Increasing the rating scale 1 to 9 seems to be more robust than 1 to 5 scale.

Thanks for the article!

Reply
sandi

how come you are adding up the estimated project cost and have that criteria positively impact the score? I thought cost is what you need to reduce?

Reply
Nick

Good question! I would guess that a higher score indicates higher cost effectiveness rather than higher costs.

Reply
Nick

To expand on this, higher cost effectiveness could mean higher return on investment. It’s also possible a higher score correlates with the lowest cost, where 1 would be the score for a very expensive project and 5 would be a very inexpensive project — depending on how the document owner chose to apply the matrix.

Reply
Adam S.

A higher rating is lower cost?

Reply
Nick

An alternate way of managing the weights for each criterion would be to allocate a percentage. As an example, with the criteria listed above, the stakeholders may allocate 45% to Customer Satisfaction, 20% to Estimated Project Cost, 15% to Potential Revenue, 10% to Ease of Implementation, 7% to Potential Revenue, and 3% to Competitive Advantage.

Using percentages rather than a 1-5 scale has helped me (and the stakeholders I’ve worked with) better understand the importance of each criterion relative to the other criteria. Try it out some time!

Reply
Nik

Matrix prioritization is a good idea, however, there is also some risk to the quality of one’s long term IT strategy and infrastructure. Our company has been using matrix prioritization of IT projects for over a decade. The “top projects” get funding, resources, and management. However, what of the projects that didn’t make the high priority cut? Do people continue working ineffectively and feeling frustrated their need wasn’t “good enough?” Or, (more likely) do they turn somewhere else or to someone else to develop a fix for them instead? What happens as a result could introduce a significant risk to a company’s long term IT strategy and infrastructure.

We’ve seen two things happen: 1) IT has a reputation for not being helpful because they are screening what they take on. 2) People are developing their own fixes faster, cheaper, and outside of IT’s infrastructure and configuration management.

The recommendation would be to use a matrix to prioritize the work for about 80% of your organization’s capacity and funding; those things that are high payback and/or easy to implement. And reserve about (or at least) 20% for IT projects that didn’t make the cut, but represent some other sort of priority: gain critical buy in from the “customer”, integrate a solution that should really be integrated into the IT infrastructure (to prevent them from developing something that will be risky long term), or meet an important need that arises during the year, between the matrix prioritization sessions.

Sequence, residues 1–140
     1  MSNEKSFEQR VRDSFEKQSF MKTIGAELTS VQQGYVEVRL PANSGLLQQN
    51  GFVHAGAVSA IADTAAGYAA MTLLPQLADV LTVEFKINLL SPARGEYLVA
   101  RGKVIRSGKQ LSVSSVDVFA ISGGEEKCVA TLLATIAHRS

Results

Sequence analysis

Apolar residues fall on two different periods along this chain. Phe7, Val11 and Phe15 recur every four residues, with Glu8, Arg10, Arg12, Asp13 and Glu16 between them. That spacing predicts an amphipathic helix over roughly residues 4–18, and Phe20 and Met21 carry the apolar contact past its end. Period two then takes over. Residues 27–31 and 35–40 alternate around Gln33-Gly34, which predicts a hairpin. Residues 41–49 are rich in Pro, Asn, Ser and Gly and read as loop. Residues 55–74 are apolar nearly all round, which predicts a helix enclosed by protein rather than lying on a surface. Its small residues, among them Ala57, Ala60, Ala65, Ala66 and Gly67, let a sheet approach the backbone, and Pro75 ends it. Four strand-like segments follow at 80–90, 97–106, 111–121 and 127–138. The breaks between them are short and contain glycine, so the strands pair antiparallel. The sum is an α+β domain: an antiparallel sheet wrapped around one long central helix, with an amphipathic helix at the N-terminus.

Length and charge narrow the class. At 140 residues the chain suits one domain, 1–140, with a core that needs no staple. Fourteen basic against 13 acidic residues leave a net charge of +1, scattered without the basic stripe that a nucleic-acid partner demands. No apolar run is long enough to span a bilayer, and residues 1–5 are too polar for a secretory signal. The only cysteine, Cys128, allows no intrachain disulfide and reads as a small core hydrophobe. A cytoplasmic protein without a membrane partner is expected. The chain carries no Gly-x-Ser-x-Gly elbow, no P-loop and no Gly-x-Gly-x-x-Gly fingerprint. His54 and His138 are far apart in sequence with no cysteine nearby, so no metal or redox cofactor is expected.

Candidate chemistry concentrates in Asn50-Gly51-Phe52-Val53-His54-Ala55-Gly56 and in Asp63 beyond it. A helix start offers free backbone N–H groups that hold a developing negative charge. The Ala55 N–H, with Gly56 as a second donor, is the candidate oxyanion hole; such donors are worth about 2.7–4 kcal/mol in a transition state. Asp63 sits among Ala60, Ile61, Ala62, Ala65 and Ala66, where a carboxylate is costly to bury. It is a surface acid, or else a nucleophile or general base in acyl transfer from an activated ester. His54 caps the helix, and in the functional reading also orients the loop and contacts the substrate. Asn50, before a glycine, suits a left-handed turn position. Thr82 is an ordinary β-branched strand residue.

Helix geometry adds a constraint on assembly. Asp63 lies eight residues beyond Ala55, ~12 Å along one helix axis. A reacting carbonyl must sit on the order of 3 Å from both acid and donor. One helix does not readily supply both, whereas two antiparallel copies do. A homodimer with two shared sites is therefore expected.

A matrix approach is effective, and it shouldn’t be the only strategy one uses to determine what to work on.

Reply
Nick

Wow, Nik! I could swear we’re working at the same company… I was just having a conversation with my immediate supervisor this morning, making the suggestion that IT should approach their work from a 75%/25% split with the priority list being addressed by the 75% and the quick & easy projects being managed by the remaining 25% of their resources.

Reply
Profile photo of Norbert Feher
Norbert Feher

Hi,

I agree with the other comments that the idea is good.
My point is that I would not talk about IT projects alone due to the fact that a company needs business projects with IT support and not vica versa therefore it can be very-very misleading to ask the opinion of some IT guys.

For a resource maximization solution I would prepare a company wide prioritization list together with the management team and select the best of them.

Here are some criteria we use with a scoring between 0-10:
– Relation to strategic goals
– Relation to key processes
– Impact on Customer
– Availability of data
– Measurable
– Cost Saving (k USD)
– ROIC
– Complexity of the project
– Time to solve the problem
– Quantification of financial impact
– Employee satisfaction
– Special reason for change
– Resource availability (time, man, money)

Of course these criteria are also weighted based on voice of the customer.

With best regards,

Norbert

Reply
Profile photo of Greg Allgeier
Greg Allgeier

project 3, ease of implementing. 4 x 4 is 16 not 10

Reply
Guy

Like most approaches in business this can be used as a tool, as others have stated it may not be the end all final decision but gives good insight comparing projects based on the criteria chosen. Looking at the results may lead you to compare them vs the long term strategy (or that could be a criteria), Like zeroing in a firearm, it ought to get you on the paper.

Reply